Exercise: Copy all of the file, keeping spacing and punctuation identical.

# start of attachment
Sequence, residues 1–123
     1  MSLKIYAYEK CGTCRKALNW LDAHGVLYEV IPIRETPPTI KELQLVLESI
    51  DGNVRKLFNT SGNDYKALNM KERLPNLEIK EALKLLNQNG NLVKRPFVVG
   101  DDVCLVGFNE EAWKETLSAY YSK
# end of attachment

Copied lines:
Sequence, residues 1–123
     1  MSLKIYAYEK CGTCRKALNW LDAHGVLYEV IPIRETPPTI KELQLVLESI
    51  DGNVRKLFNT SGNDYKALNM KERLPNLEIK EALKLLNQNG NLVKRPFVVG
   101  DDVCLVGFNE EAWKETLSAY YSK